Amy Alexander is the author of Uncovering Race: A Black Journalist's Story of Reporting and Reinvention and is co-author, with Alvin F. Pouissant, of Lay My Burden Down: Suicide and the Mental Health Crisis Among African-Americans. This post originally appeared at her blog.
Last week a silly “debate” over Olympic champion gymnast Gabby Douglas’ hair dominated social media. Fortunately, by the weekend, the same social media network that so often exasperates me coughed up an unexpected jewel:
A Facebook friend, Darryl Cox, put the link on my Wall after I’d posted a story on gang violence in SF that I’d read in The San Francisco Chronicle. Cox, who had worked in city government in San Francisco decades ago, is an excellent source of contemporary black history on “the Paris of the West.”
Cox told me that Take This Hammer had only aired once in San Francisco, in 1963, and that it had upset the powers that be in my hometown. I watched it for the first time last week, on August 3—coincidentally, one day after what would have been Baldwin’s 88th birthday. It was produced by KQED on behalf of National Education Television, predecessor of WNET in New York.
In it, Baldwin is an expert interrogator of his subjects, black residents of San Francisco. He is physically small but armed with an alarmingly direct gaze, a fearsome intellect, and a sharp way of drawing out his subjects. The producer or director also made the wise decision to cut in excerpts of Baldwin talking directly to the camera, seated in what appears to be a tidy apartment, smoking, wearing a natty white shirt and neck-kerchief, and succinctly, somewhat dispassionately deconstructing his findings.
—”There will be a Negro president of this country, but he won’t be president of the same nation we are sitting in now.”
—”The Liberal can’t be safe and heroic too.”
—“You cannot pretend you’re not despised if you are.”
I am greatly moved by this documentary. For starters, Baldwin is a literary and journalistic hero of mine. Second, as anyone who has read my opinion-writing during the past decade probably knows, I was born in San Francisco in 1963.
Growing up there, I felt a thrill of endless possibilities—much as the techie-hipsters and financiers who currently throng its streets likely experience—a pervasive sense of optimism aided in no small part by the city’s spectacular vistas, cozy layout, sophisticated understatement. (Though a journalist friend, Tim Golden, once told me that he found the city and some of its denizens a mite ‘precious’ for his liking.)
Related from Beacon Press:
Forthcoming new edition of James Baldwin's Notes of a Native Son
My family was middle-class, we lived for a time in subsidized housing on Potrero Hill, then Bernal Heights, then in a tidy house on the West or ‘ocean’ side of the city, which my Mom bought. I attended well-funded public schools in the Sunset District and went to church camp in Sonoma County every summer. Only when I reached my mid-20s and entered the workforce in earnest did it occur to me that my race or gender might be features that could slow my professional development and possibly dampen my chances for a successful career. As a 1963 resident tells Baldwin in “Take this Hammer,” no blacks had to fear a Bull Connor or a Klansman chasing them down the city’s hilly inclines. But one might just be “killed with a pencil,” instead, in the city’s corporate or retail workforce. My adult family-members all worked in government agencies, which offered job security and enforced meritocracy. There were few immediate role models for me as I made my entree to private industry—the news business—during and after college.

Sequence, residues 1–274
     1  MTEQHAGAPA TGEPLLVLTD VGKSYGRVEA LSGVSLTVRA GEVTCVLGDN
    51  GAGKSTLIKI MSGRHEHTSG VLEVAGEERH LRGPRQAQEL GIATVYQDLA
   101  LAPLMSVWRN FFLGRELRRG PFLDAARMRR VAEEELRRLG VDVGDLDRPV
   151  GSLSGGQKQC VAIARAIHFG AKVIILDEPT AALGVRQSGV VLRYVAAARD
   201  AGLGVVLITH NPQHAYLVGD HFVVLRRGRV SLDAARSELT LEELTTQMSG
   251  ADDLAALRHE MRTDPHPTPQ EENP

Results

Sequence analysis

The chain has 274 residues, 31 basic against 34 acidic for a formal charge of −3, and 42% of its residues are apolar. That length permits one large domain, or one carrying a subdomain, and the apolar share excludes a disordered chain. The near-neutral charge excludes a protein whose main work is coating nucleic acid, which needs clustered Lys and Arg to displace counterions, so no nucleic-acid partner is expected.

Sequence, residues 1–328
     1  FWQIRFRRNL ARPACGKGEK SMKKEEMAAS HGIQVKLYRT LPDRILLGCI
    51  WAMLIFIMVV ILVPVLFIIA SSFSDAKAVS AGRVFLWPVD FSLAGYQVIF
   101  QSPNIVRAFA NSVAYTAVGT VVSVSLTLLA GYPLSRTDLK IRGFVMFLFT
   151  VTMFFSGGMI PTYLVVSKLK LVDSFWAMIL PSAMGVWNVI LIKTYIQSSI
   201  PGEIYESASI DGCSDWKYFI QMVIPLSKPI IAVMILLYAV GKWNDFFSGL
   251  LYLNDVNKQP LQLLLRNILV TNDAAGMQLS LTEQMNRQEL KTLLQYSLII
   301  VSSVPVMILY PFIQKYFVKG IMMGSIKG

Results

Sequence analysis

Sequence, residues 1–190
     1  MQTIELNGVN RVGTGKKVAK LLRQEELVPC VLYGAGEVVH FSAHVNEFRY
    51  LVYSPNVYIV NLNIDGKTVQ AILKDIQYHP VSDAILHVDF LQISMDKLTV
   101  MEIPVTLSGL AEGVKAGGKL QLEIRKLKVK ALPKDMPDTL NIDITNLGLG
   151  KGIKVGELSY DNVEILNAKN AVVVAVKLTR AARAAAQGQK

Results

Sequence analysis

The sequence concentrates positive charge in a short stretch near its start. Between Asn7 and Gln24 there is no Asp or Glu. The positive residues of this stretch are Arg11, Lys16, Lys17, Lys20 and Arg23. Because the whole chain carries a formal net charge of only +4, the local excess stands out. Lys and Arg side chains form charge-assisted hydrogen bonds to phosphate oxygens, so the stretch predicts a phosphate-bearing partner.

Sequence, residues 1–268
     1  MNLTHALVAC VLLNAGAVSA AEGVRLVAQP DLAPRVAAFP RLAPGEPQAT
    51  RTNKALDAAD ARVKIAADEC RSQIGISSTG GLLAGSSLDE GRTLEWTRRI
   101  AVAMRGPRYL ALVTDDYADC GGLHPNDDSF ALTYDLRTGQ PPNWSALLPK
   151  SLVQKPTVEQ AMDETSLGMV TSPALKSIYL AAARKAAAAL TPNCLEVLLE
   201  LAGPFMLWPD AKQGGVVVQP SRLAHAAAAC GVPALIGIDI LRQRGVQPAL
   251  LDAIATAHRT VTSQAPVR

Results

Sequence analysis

I outline that dynamic in greater detail in my current book, and acknowledge that the media business in the Bay Area—such as it was in the 1980s when I came of age—was and is a unique animal within the overall workforce in San Francisco. And now, of course, the media industry has been all but subsumed by the tech industry, and the population of black residents has been diminishing steadily since the early 1980s. Are native blacks who remain being employed at these shiny new enterprises? What do you think?
The sentiments expressed by the city’s black residents who were interviewed by Baldwin in ‘63—particularly the young adult males who are frustrated over being shut out of the workforce—are devastating... and familiar. I have watched this documentary three times since Darryl Cox shared it with me.
I am still processing Take this Hammer and will probably write about it again.
For now, I hope you find the time to watch it in full: I love my hometown but I hope you can forgive me if I am also a bit cynical about its legendary reputation as a citadel of social and economic egalitarianism.
Take This Hammer lives, by the way, at the San Francisco Bay Area Television Archive, which is housed at my alma mater, San Francisco State University. I believe it deserves a home, too, at the Paley Center in New York. Then again, as a black SF native and a Baldwin adherent, I am not exactly impartial about its historic significance.
(Oh, and a viewing tip: Unless you need them, disable the captioning feature before watching.)